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Region: Western Greenland
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Visit Nuuk Greenland

Visit Nuuk Greenland

Sisimiut GreenlandNuuk, (Danish: Godthåb translated: "Good hope") is the capital of Greenland, the northernmost capital in North America and the largest city in Greenland. Located on an island in the Nuuk Kangerlua fjord, the city lies on the eastern shore of the Labrador Sea and on the west coast of Sermersooq. Nuuk is the largest cultural and economic center in Greenland. Foreign cities closest to the capital are Iqaluit and St. John's in Canada and Reykjavik in Iceland.

Nuuk is the seat of government for the Sermersooq municipality. It has a population of 15,469 (as of January 2010), making it one of the smallest capital cities in the world by population.

the cathedral and the Mother of the Sea
The area near the colonial harbour in the old quarter of Nuuk is a good place to start. The statue of Hans Egede stands on a hilltop looking out over Nuuk and the sea. From this hilltop there's a lovely view of the Nuuk fjord and Nuuk town, with Nuuk's cathedral just below. Pop into the cathedral if the door's open.

Down in the water, right next to the Nuuk cathedral, is the beautiful 'Sassuma Arnaa' (Mother of the Sea), a granite figure which is visible above the surface of the water at low tide and which disappears below the waves at high tide. The Mother of the Sea is one of the most famous legends in Greenland - she watches over the animals that are fished and hunted, and if she's not satisfied with the way that people behave, she gathers all of their potential prey in her hair at the bottom of the sea so that there's nothing left to catch.

west Greenland Nuuk Hans EgedeNuuk Tourism, Hans Egedesvej
At the end of the colonial harbour lies Nuuk Tourism, which is a combined tourist information office, tour operator and souvenir shop. Nuuk Tourism has a weekly calendar with a range of excursions in and around Nuuk, and offers a number of sailing trips and hiking trips. In the same building you'll find Father Christmas' café, which is a pleasant place in which to enjoy a cup of coffee. During the summer the view from the little terrace at the café is unrivalled, and when sitting gazing out to sea during the summer, you may be lucky enough to spot some whales.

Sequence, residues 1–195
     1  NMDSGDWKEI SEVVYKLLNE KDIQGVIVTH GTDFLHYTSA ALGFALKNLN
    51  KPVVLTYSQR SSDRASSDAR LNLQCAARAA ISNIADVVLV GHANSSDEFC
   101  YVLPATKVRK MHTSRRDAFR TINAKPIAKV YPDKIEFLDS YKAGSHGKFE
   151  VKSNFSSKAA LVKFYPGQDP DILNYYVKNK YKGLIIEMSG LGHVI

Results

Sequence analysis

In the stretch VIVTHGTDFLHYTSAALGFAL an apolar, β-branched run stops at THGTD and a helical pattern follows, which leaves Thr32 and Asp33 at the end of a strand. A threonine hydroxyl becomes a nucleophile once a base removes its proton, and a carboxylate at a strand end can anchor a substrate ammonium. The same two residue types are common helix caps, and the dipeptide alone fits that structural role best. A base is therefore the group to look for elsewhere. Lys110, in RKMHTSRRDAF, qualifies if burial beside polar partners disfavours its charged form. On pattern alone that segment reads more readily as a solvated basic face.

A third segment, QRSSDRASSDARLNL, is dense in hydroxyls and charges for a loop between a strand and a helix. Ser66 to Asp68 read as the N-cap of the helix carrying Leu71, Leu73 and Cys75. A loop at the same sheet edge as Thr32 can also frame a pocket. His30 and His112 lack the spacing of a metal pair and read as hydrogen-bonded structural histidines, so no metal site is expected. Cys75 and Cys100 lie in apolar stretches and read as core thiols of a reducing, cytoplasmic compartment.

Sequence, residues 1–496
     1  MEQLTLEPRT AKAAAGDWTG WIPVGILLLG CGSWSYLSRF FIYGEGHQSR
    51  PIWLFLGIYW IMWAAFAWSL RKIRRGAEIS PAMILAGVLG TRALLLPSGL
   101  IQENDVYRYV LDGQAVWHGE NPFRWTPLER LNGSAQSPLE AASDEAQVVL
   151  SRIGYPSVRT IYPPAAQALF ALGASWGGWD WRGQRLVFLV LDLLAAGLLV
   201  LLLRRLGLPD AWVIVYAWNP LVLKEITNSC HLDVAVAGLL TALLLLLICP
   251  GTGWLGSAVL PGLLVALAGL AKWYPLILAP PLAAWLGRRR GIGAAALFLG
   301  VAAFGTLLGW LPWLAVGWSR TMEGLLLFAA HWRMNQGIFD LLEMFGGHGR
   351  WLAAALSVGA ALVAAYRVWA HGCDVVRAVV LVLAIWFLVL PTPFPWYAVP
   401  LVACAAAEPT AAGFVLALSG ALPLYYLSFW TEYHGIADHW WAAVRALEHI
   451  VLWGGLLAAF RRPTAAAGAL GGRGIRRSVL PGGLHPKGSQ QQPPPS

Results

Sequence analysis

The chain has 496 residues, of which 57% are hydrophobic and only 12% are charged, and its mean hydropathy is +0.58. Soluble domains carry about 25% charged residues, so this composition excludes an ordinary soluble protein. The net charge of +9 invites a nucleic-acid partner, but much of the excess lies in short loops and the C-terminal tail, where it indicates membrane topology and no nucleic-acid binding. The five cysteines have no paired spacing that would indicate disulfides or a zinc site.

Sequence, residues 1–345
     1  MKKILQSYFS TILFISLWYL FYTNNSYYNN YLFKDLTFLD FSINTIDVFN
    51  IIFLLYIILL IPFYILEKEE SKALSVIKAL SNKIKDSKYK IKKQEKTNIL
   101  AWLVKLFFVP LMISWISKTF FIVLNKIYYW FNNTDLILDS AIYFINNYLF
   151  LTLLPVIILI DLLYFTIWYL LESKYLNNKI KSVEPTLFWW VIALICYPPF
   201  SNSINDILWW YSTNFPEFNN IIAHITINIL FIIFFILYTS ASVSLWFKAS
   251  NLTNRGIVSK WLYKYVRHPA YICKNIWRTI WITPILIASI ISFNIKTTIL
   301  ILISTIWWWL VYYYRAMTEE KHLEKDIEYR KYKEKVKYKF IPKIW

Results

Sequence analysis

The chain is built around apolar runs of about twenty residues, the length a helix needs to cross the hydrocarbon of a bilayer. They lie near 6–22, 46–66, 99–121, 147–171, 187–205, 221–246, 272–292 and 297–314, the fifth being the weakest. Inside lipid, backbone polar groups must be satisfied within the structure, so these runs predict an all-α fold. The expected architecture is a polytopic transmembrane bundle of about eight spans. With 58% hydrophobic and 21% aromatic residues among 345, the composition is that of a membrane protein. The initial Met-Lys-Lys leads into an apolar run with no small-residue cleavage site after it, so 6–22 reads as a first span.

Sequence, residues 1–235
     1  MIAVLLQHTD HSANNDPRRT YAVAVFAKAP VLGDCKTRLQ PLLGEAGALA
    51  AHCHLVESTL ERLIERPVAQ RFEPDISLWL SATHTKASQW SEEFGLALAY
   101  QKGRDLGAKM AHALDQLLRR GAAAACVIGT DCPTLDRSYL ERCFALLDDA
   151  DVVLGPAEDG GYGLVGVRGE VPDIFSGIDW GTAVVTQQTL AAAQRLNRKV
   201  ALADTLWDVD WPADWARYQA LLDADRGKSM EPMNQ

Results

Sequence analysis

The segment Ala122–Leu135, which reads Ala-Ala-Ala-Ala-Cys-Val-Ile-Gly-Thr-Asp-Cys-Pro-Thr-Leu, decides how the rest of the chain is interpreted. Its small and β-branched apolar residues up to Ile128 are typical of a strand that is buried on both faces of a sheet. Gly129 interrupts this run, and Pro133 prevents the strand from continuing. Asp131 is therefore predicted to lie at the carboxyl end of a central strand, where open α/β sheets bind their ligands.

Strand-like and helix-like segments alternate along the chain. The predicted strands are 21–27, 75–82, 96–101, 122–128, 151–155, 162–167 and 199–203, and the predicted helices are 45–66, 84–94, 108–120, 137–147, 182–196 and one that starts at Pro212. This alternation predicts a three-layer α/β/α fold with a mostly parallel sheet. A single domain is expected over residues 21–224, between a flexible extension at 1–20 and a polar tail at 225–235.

The colonial harbour of Nuuk is also the venue for a visit to the excellent little national museum, Nunatta Katersugaasivia, which occupies a couple of the old buildings. The main building has a fine exhibition of national costumes, tools and other historical artefacts and is also home to the Qilakitsoq mummies - 6 women and 2 children who were found close to Uummannaq.

The Qilakitsoq mummies
Qilakitsoq mummies Nuuk Greenland The mummies are displayed in a small room at the back of the exhibition and are a somewhat overwhelming sight. They're incredibly well-preserved and look almost frighteningly lifelike. Other buildings contain dogsleds, kayaks and an exhibition of the Norse settlers in South Greenland. Take the long flight of steps from the old coloured wooden houses back up to the centre of Nuuk and walk past the brand new modern blocks of flats and out to the older blocks of flats from the 1970s. You can extend your walk to the residential area in Myggedalen and up the hill of Inspektørbakken. The overall route gives you a good impression of Nuuk's history.

The supermarket and the 'board'
west Greenland Nuuk supermarket Brugsen You can finish your afternoon with a trip to the supermarket to buy provisions and to explore. In many ways, the large Brugsen supermarket looks like any other well-stocked Danish or European supermarket and you can buy just about everything from fresh flowers to organic coconut milk and sushi rice. What makes a trip to the supermarket a particularly Greenlandic experience are the local specialities - reindeer salami, musk ox steak, seal, whale blubber and other delicacies which you don't find at home. The vacuum-packed musk ox and reindeer sausages make a fun souvenir that can survive the journey home if correctly packed. Right next to Brugsen is Nuuk's new 'Board' - the place where local fishermen and hunters sell their catch. It's a good place to look for fresh fish, seal, birds and, depending on the season, reindeer and musk at very reasonable prices.